Turn Your Photos into Mosaic Easter Eggs!
Extra photos for bloggers: 1, 2, 3
Whether Easter inspires Donny Darko nightmares or delightful memories of Peeps o’ yesteryear, it’s an egg-straordinary holiday that calls for some celebratory photo fun.
We’re talkin’ about using your own fantastic photos to spruce up an Easter egg—mosaic-style!
This DIY gives you the chance to showcase your pics while making your eggs look pretty, and you don’t have to deal with any messy dyes or markers.
The Peeps approve.
p.s. Our pals at Artsy Couture turn your photos into rad Gallery Blocks. They’re beautiful solid wood blocks with your very own photos mounted onto them!
Why It’s Cracking
Who doesn’t enjoy decorating eggs for Easter??
It’s an activity where your creativity can let loose on a bunch of unsuspecting eggs.
Not only does this photo mosaic method make decorating eggs even more fun and unique, but it also makes it possible for your photos to be friends with eggs.
Cuz normally, friendships between flat objects—your photos—and round objects—the eggs—aren’t the smoothest!
- A computer
- Files of the photos you want to use
- Adobe Photoshop
- Photo paper of your choice
- A printer
- 2.5″ paper-mâché eggs—you can find these at craft stores, or plastic eggs will work, too
- An egg cup or something that can hold your egg (we used a paint palette)
- A ruler
- A 45 degree/90 degree right triangle ruler
- 2 different colored pens
- Small, clear adhesive glue dots (regular craft glue is fine, too)
To preserve our lovely egg creations, we went with a nonperishable egg option. If ya want, you can do this mosaic on a hard-boiled egg (with its shell still on, of course). However, if you do use real eggs, please note that they are good for up to 2 hours at room temperature, and up to a week in the fridge. As pretty as your eggs will be, don’t let them get spoiled rotten!
STEP 1: Prep that Egg-worthy Photo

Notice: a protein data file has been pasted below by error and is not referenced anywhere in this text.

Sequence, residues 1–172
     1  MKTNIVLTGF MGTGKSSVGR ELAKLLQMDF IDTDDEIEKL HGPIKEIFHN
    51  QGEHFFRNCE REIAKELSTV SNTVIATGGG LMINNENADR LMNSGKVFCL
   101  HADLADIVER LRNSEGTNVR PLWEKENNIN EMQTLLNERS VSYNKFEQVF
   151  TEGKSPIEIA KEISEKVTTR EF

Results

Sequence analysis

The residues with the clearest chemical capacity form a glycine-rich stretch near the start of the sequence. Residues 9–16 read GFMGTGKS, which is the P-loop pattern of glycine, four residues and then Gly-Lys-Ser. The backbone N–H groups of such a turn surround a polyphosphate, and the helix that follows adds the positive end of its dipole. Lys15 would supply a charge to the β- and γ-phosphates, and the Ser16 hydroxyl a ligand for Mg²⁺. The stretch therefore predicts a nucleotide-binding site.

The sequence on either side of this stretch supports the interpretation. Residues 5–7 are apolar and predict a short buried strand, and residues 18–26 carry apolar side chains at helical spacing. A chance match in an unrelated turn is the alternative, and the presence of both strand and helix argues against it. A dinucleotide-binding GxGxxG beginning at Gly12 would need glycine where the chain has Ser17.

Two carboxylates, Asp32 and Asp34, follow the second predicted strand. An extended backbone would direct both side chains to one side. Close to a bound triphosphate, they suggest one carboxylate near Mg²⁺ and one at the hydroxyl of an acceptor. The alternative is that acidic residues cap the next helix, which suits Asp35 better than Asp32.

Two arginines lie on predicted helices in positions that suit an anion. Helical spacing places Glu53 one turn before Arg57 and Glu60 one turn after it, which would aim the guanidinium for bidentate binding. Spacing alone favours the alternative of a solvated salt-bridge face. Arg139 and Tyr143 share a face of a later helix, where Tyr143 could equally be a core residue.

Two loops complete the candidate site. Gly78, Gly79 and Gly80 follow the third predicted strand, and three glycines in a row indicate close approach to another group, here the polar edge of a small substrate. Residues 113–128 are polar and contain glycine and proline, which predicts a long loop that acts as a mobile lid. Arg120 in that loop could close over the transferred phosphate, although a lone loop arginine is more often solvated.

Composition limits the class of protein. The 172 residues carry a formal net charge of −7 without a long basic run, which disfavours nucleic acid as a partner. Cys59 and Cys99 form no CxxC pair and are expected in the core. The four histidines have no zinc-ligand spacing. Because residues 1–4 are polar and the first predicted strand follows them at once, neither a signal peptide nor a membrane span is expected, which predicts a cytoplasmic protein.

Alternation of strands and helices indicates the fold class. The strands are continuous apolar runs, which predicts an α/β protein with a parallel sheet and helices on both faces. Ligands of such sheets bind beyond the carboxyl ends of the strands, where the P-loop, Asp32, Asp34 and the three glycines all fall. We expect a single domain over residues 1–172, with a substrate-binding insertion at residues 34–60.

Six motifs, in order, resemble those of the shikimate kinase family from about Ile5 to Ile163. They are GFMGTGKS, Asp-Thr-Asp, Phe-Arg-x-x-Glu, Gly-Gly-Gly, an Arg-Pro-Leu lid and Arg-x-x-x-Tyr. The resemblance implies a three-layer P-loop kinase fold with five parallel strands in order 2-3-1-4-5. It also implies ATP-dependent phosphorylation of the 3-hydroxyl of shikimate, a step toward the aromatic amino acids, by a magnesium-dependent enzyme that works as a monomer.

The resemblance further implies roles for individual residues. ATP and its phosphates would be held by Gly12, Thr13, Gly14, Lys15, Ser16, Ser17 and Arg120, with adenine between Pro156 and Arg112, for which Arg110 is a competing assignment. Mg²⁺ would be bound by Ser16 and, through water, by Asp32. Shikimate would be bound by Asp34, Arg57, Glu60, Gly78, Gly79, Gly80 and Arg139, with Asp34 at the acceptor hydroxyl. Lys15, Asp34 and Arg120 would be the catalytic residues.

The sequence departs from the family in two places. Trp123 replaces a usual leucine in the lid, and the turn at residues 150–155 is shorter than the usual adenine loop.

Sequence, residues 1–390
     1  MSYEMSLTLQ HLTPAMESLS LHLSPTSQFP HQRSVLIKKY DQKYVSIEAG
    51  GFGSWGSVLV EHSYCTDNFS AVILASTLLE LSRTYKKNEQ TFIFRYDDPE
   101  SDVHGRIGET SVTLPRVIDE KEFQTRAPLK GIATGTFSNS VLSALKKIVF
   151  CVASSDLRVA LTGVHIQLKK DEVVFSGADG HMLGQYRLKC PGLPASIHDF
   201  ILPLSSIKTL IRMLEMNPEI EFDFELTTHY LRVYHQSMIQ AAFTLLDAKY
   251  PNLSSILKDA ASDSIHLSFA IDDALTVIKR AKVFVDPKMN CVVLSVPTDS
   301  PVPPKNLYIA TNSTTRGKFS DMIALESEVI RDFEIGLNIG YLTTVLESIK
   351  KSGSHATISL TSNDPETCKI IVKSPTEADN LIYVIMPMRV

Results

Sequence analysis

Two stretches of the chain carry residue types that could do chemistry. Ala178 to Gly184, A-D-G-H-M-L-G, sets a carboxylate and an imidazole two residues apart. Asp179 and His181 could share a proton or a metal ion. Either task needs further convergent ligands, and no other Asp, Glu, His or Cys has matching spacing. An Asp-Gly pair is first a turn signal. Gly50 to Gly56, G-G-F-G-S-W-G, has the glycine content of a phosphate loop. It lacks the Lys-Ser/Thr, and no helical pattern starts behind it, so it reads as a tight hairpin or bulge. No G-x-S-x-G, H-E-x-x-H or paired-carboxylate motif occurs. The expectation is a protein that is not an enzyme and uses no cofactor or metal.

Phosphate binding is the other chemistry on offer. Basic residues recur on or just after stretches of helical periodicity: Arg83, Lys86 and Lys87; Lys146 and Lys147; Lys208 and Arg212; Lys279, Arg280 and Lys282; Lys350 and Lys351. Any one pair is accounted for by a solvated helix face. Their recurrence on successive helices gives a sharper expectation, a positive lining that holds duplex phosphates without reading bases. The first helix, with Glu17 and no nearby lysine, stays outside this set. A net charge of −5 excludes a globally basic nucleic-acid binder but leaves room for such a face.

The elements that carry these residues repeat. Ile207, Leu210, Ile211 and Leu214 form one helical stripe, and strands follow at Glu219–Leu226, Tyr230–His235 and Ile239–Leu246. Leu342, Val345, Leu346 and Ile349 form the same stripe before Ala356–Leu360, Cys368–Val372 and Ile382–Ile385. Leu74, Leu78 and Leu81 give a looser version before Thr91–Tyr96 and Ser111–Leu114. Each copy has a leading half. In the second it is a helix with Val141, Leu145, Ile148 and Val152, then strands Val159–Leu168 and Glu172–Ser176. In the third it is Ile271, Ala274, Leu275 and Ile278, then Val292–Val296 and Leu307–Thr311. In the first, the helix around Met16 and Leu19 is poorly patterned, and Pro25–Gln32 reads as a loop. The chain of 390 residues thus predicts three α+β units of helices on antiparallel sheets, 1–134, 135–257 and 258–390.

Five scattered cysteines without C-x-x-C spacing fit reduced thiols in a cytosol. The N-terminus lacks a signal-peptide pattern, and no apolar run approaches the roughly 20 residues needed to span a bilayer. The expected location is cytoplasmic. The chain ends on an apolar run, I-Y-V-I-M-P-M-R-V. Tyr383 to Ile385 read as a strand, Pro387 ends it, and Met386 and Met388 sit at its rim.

Open up the photo file you want to use in Adobe Photoshop or a similar photo-editing program.
Make sure that photo file’s DPI (otherwise known as resolution) is set to 300 DPI.
This ensures your photo won’t be pixelated when you print it out.
STEP 2: Copy & Crop
Make a copy of your photo file.
Then, crop this photo file so that it is a 3″ by 7.5″ rectangle.
STEP 3: Print it out
Make sure you print true to size—sometimes your printer, by default, will resize your photos to fit the whole page, which you don’t want!
We printed extras just in case. This mosaic business can get messy.
While your photos are printing, see how many Peeps you can fit in your mouth!
STEP 4: Mark it up
Use a ruler and one of your pens to measure and mark 3.5 inches in from the left of your photo
Make a line from the top to the bottom of the photo from where your 3.5 inch mark is.
STEP 5: Initializing Diagonal Mode
Take your right triangle ruler, and place its corner right on the top of the vertical line you drew.
With your other colored pen, trace along both sides of the triangle ruler.
STEP 6: Diagonal Get Down
However, only the left and right side of the triangles will be needed; the “bottom” side of the triangle will not be used.
With your regular ruler, measure and make .5 inch marks along the left side of the triangle.
From those .5 inch marks you just made, use your right triangle ruler as a guide to make diagonal lines parallel to the right of the triangle.
Draw your diagonal lines past the “outline” of your triangle, to the edge of your photo.
Now measure and make .5 inch marks along the right of the triangle, and use those marks to draw diagonal lines parallel to the left side of the triangle.
Remember to have these diagonal lines drawn past the triangle’s outline, too.
STEP 7: Work the Grid & Make some Diamonds